• Creativity. Trystorming without creativity is a sterile exercise. We must think and act differently – “Keep on doing what you’re doing, keep on getting what you’re getting.” Unleash the inner MacGyver!

So, take copious amounts of vitamin C and, as an effective leader, ensure that your folks do the same. Boost that organizational immune system and foster a kaizen culture.

Related posts: Telling “How” Removes Responsibility, Kaizen Principle: Be like MacGyver, use creativity before capital!

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Book Review: How to Do Kaizen

Many months ago, Norman Bodek sent  me a copy of the book, How to Do Kaizen: A New Path to Innovation (its sub, sub-title is Empowering Everyone to Be a Problem Solver).  Norman, the indisputable lean literature pioneer from the west,  co-authored the book with Bunji Tozawa, a prolific kaizen author in his own right. Norman is also the editor and publisher (PCS Inc.) of the book. The work was published in January of 2010.

My humble take is that How to Do Kaizen is a very important book about voluntary kaizen!

At 425 pages, the book is long. It’s probably longer than it has to be and sometimes it could be more cogent.  (Of course, I am certainly not the most economical writer!) That said, it is clearly written from the heart from the perspective of the authors’ passion about the subject matter and the undeniable sentiment of respect for the worker. Indeed, much of daily kaizen is about first making work more human/easier.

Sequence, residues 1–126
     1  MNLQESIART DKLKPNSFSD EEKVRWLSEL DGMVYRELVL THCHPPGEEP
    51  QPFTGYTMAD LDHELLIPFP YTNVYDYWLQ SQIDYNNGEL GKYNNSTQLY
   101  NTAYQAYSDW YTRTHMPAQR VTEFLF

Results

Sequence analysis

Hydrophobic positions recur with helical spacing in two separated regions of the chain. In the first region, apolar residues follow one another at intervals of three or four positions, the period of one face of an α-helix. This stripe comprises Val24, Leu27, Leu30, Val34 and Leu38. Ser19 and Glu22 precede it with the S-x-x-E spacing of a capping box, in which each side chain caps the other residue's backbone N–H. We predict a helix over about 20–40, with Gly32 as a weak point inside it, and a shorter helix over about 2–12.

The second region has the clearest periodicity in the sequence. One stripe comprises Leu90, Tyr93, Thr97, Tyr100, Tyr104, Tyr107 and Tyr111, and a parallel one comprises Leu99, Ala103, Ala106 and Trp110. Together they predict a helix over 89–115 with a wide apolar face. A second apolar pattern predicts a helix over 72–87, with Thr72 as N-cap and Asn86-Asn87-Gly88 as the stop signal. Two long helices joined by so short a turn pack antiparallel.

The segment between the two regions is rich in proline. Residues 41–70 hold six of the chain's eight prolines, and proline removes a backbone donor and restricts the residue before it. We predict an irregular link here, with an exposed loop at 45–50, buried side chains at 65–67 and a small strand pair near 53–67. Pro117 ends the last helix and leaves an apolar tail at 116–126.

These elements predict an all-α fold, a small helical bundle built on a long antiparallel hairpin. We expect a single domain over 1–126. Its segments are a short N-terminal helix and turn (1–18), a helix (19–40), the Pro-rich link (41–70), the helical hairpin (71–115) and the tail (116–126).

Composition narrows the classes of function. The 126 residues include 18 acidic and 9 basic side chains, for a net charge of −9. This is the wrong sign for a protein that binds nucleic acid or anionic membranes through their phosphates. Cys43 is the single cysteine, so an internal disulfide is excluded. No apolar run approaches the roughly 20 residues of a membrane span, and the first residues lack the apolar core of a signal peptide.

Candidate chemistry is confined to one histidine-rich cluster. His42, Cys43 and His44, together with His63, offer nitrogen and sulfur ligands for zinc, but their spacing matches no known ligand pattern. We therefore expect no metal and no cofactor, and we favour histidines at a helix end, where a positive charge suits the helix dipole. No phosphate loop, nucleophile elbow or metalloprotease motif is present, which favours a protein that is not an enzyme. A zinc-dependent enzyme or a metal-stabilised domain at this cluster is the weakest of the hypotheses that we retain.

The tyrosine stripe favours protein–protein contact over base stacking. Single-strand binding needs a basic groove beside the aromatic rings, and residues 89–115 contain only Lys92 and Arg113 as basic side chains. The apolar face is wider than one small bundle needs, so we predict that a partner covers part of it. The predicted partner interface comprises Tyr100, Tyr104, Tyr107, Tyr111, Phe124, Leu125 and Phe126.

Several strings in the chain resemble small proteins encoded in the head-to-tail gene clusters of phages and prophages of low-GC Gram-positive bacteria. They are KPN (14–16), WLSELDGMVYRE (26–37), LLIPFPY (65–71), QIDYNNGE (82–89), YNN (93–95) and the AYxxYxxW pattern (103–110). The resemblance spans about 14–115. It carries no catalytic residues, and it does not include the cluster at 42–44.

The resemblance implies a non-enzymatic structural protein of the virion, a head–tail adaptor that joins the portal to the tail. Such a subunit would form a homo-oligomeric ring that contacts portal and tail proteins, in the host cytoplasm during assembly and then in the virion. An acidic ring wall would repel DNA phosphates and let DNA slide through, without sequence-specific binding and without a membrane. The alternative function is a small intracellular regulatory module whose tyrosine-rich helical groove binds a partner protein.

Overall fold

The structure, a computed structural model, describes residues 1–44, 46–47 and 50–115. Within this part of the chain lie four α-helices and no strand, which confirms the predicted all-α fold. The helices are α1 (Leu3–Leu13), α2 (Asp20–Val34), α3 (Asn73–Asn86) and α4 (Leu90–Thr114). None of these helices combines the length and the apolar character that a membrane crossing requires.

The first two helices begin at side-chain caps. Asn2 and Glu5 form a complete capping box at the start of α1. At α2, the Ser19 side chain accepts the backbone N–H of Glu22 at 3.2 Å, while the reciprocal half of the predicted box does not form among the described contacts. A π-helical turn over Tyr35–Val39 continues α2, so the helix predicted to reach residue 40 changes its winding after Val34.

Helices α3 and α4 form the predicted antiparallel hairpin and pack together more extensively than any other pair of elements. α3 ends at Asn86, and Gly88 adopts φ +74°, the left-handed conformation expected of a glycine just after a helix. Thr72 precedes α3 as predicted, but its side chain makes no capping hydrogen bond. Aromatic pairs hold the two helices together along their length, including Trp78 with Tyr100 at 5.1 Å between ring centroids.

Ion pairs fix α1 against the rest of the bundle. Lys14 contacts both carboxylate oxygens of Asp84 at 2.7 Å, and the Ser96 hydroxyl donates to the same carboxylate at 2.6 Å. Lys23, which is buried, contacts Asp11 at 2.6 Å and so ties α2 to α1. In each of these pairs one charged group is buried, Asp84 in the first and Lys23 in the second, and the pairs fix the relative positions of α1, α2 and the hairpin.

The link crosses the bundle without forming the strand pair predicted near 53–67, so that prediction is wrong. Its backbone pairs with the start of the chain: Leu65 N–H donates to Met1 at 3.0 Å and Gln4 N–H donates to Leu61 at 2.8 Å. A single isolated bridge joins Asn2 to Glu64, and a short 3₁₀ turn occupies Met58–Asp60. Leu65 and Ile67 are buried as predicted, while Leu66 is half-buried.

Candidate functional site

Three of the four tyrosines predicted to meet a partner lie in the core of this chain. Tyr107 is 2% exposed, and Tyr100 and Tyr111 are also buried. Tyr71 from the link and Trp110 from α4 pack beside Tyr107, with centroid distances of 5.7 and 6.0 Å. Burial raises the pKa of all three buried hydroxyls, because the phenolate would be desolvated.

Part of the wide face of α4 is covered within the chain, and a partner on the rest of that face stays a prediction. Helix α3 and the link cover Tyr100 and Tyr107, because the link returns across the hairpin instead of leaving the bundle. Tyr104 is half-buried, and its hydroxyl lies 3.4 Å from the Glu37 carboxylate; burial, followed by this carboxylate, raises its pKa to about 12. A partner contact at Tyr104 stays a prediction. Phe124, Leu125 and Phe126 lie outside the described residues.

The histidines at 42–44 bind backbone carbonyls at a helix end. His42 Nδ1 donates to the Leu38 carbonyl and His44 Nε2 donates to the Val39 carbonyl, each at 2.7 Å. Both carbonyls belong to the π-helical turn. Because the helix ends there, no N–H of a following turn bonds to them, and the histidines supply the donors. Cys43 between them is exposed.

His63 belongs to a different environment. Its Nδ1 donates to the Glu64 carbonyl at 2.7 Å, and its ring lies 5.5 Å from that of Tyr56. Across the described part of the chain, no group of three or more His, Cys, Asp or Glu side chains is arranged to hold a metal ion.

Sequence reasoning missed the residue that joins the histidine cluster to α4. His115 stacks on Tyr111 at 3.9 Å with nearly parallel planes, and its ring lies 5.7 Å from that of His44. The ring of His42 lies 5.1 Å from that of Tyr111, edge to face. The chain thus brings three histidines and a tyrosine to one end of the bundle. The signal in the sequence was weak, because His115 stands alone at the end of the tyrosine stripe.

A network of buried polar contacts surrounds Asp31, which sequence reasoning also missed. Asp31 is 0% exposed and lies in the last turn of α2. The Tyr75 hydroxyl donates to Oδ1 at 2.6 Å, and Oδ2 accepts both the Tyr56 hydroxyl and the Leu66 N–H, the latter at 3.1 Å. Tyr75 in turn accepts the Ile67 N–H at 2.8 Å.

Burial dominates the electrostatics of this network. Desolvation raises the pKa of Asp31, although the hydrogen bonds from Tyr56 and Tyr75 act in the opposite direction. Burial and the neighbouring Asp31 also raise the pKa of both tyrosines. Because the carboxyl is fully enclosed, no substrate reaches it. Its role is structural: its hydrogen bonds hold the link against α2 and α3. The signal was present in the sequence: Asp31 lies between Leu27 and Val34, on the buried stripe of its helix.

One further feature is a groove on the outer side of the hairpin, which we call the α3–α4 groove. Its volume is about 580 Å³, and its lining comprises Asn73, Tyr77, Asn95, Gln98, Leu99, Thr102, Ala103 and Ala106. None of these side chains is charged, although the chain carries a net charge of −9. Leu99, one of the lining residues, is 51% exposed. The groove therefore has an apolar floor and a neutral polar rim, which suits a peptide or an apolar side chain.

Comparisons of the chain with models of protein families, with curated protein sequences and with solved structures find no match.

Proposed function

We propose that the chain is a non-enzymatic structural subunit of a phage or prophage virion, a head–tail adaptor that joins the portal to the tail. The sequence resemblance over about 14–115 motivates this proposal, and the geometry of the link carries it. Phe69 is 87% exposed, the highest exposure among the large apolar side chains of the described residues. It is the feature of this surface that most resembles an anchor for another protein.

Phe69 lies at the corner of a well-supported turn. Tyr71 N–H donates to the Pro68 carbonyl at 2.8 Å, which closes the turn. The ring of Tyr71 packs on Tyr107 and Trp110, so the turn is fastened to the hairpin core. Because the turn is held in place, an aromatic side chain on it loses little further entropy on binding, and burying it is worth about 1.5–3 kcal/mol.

How to Do Kaizen imparts a tremendous amount of practical know-how and know-why around daily kaizen, within what the authors’ call kaizen systems and the application of quick and easy kaizen. The book contains a ton of real-life examples.

Here are some of the many “nuggets” within the book:

  • The average U.S. worker comes up with one new idea every seven years…and only 32% of  those suggestions are implemented. A pretty pitiful underutilization of human creativity! Autoliv, Brigham City, a two-time Shingo Prize winner, is profiled within the book. In 2009, they had implemented 63 suggestions/person. Autoliv’s 2010 goal is 96. When training companies in quick and easy kaizen, the authors target 2 implemented suggestions/person/month.
  • Daily, voluntary kaizen’s “juice” comes from implemented suggestions, no matter how simple the improvement may be. Doing, followed by documenting and sharing via simple “kaizen memos” help capture the improvements while facilitating recognition and propagating the spirit and content of the kaizen. Several months ago, I wrote a post on Kaizen in the Laundry Room…and My Domestic Shortcomings. See the picture, below for my version of that improvement as documented in a type of simple kaizen memo. Click to enlarge.
  • Norman’s interview with Tom Hartman, Senior Director Lean Consulting, Autoliv Americas provides some outstanding insight into Autoliv’s daily kaizen journey. The Brigham City facility went from less than 0.5 implemented suggestions/employee/year in 1999 to 63 in 2009. Hartman details how the plant ventured from “creature comfort kaizen” to daily kaizen that was also well-aligned with enterprise’s value objectives (quality, productivity, machine reliability, etc.). He further shares how this transformation was facilitated by things like plant-wide TPS training and quality workshops, TPM events, jidoka application, leaders evolving into coaches, transition of the suggestion system from individual focused to team focused, improved visual management, and institution of leader standard work.
  • Good daily kaizen coaches (team leaders, supervisors, managers et al), use the following types of keywords:
    • Observation keywords. Help people notice problems – “duplicated effort,” “complicated,” “tedious,” ” tiring,” etc.